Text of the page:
Pet simulation games don’t stand tall in the teeming hierarchy of video game genres and offerings, possessing a reputation that slips it right to the bottom of the quality food chain. The UK-based team at Spiral House examined this glaring issue and went back to the drawing board, aiming to mend the blemishes of its pet-raising forerunners like seasoned veterinarians. The result? PlayStation Vita Pets; a game that donates enchanting new ways to interact with your pets, but falls short of convincing you that its exhibition of simulated pups are worth fostering.
Right off the bat you’re introduced to four breeds of cuddly canines that will make you smile from ear to ear, that is, until you see their anthropomorphic mouths rattle on, cloying you with their overly chipper catalog of syrupy phrases. Don’t get me wrong, the voice talent displayed services the cheerful tone of the game, but after an hour or so of repetitive chatter, you can’t help but want to strap a belt around your poor pooch’s muzzle. The blame is put less on the performance delivery and more so on the thin variety of phrases recorded – in addition to the awfully short intervals timed between each speaking line. Thankfully, this method may keep young toddlers more engaged than their parents, but it will require quite a bit of tolerance.
Once you’ve adopted your precious, but gabby pup, you’re teleported to a home that’s sprinkled with the usual playthings featured in a virtual pet sim. You’re welcomed to a series of generic tutorials that will teach you how to nurture and play with your dog. These are conveyed through signature mini-games that will usually require the use of the Vita’s touch-screen, like playing with a tug toy or petting your, well, pet. Continue to mingle with your mutt and you’ll level up your dog’s abilities; a definite requirement if you wish to move forward in the game’s campaign.
Yes, the game has a campaign, and to my surprise, it fosters a charming narrative that covers an ancient mystery surrounding the tale of a famed king and his loyal pup, Cosmos. Herein lays the cornerstone for the developer’s vision – one that attempts to bolster the virtual pet formula by introducing supplemental design elements that are extracted from other genres. There is a story that stimulates exploration. There are collectibles and trinkets to stockpile or sell at the in-game store. There is a simple, RPG-centric skill system that invokes progression. This is all paved with good intention, but sometimes it does more harm than good.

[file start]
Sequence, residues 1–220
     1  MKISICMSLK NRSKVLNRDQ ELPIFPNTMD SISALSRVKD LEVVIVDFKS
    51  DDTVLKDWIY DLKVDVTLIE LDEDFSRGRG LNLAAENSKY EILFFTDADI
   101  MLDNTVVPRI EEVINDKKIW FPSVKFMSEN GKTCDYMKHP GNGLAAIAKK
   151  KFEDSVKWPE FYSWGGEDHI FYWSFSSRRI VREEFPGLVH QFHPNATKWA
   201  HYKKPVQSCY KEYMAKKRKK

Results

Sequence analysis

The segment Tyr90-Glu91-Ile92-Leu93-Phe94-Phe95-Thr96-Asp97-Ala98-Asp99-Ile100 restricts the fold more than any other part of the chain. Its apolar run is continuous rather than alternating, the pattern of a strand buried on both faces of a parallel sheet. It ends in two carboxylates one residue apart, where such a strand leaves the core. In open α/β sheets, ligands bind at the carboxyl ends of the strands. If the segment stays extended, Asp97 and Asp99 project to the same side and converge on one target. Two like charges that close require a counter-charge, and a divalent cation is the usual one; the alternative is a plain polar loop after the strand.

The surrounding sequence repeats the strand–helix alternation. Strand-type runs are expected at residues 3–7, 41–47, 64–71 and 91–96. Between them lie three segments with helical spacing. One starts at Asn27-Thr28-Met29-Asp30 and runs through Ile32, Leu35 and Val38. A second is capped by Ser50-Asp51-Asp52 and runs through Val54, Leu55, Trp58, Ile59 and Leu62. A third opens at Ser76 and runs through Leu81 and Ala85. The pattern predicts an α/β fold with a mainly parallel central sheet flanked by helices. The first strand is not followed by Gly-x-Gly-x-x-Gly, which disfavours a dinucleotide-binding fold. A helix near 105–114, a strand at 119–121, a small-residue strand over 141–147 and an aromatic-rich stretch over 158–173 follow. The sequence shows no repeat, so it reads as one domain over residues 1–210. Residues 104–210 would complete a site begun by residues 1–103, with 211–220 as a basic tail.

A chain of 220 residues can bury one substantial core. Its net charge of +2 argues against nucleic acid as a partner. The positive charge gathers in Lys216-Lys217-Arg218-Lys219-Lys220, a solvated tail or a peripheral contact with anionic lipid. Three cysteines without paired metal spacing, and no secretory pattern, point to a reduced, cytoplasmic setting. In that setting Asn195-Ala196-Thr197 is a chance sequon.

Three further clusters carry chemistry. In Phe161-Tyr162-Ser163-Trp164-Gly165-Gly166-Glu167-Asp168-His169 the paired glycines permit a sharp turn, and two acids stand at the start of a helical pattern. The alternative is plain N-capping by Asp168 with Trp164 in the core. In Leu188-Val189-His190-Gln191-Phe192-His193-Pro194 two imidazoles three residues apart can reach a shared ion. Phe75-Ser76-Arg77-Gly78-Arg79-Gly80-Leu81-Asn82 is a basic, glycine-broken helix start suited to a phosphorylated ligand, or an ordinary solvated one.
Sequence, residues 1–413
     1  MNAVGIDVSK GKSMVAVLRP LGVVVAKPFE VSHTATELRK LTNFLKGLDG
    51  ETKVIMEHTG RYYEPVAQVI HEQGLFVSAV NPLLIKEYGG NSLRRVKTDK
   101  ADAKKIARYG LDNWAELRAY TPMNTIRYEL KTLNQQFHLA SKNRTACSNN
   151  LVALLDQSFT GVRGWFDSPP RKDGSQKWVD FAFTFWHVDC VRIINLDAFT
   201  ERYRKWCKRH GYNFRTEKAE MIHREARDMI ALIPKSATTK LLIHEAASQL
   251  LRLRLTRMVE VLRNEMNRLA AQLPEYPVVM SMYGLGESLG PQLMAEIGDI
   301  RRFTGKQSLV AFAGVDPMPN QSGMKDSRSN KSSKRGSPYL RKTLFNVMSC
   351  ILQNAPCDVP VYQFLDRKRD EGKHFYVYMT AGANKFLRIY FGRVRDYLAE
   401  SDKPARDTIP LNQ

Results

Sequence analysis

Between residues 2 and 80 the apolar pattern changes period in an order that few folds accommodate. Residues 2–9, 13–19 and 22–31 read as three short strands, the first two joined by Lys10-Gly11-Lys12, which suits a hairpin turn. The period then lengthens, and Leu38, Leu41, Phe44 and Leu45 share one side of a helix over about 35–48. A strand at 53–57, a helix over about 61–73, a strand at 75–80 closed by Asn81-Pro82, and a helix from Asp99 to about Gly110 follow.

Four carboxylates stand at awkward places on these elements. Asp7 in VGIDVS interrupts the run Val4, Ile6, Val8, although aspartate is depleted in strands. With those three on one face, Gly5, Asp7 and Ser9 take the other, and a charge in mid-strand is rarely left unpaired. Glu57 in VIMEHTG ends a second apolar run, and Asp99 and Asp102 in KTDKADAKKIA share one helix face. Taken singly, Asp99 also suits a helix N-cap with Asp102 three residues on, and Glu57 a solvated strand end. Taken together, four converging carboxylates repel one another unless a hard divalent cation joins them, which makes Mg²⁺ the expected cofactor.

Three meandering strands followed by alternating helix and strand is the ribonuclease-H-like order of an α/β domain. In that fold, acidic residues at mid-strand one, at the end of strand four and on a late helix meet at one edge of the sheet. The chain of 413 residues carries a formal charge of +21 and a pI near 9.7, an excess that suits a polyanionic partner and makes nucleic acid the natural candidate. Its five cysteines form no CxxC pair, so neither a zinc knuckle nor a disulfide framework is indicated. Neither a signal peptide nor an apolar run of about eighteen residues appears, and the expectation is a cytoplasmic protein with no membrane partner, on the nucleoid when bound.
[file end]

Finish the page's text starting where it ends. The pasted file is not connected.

This is most evident when the game pits you against barriers that require your pet to be suitably leveled at a certain skill in order to pass them. You’ll come across logs or doors that will call for a requisite ability, and if your pet is not up to snuff, then you’ll have to trek back home and train your tyke. Sure, playing tug-of-war with your pup is hearty the first few times, but when you realize that you can’t progress with the story until you level up your animal’s strength by engaging in the tug toy mini-game over and over and over again, the short-lived diversion quickly becomes a chore. It’s a shame, because what could have been an enchantingly lighthearted adventure is dulled into a monotonous grind fest that stalls the buoyant pace of the story – so much so that even a child would likely zone out from the confusion of figuring out which activity is tied to which skill.
Furthermore, it does not help that your character walks as slow as a turtle in the first-person perspective. The game’s lush woodland does exhibit branching paths and treasures to uncover, but for the most part, you’re on-rails hiking along a narrow dirt road. All you have to do is press in the direction you want to move onscreen or use the left analog stick to walk forward. Thankfully, the game features a fast travel system by way of tunnels, just in case your patience runs thin from moving like molasses. As expected, just about every characteristic of the Vita hardware is put to work, from the camera and microphone to the touch-screen and tilt function. Some features are clumsier than others – the mine cart and obstacle course mini-games are poorly optimized – but overall, most facets of the system function well.
If the turtle-speed gameplay doesn’t keep you or your youngster engrossed, I must say that its graphics will try hard to win you over. On a visual scale, the game certainly impresses and gets the Vita hardware working in high gear. The greenery is abundantly vivid and colors flourish the screen with exceptional detail, but the star of the show is – unsurprisingly – your precious pet. The star-in-the-eyes look you get from your pup can steal your soul (now if only the same could be said about that obnoxious voice). Their fur jauntily sways about and gets soiled with dirt after venturing out, calling for a well-earned shower after a long day’s journey into the woods. The soundtrack too adorns the presentation with delight, ushering an orchestral score that puts the pep in your puppy’s step.
It’s difficult not to commend Spiral House for trying to invigorate life into a genre that to many is already dead. Even with notable amounts of visual polish, both children and parents alike might find its repetitive progression system and occasionally vague objectives a bit too arduous to deal with. Animal lovers might connect to the game’s heartfelt efforts, but the apparent design flaws outweigh the developer’s ambition. In this regard, it doesn’t make the impact it wants to, but the endeavor to do so is respectfully showcased and the result is something unique to the genre.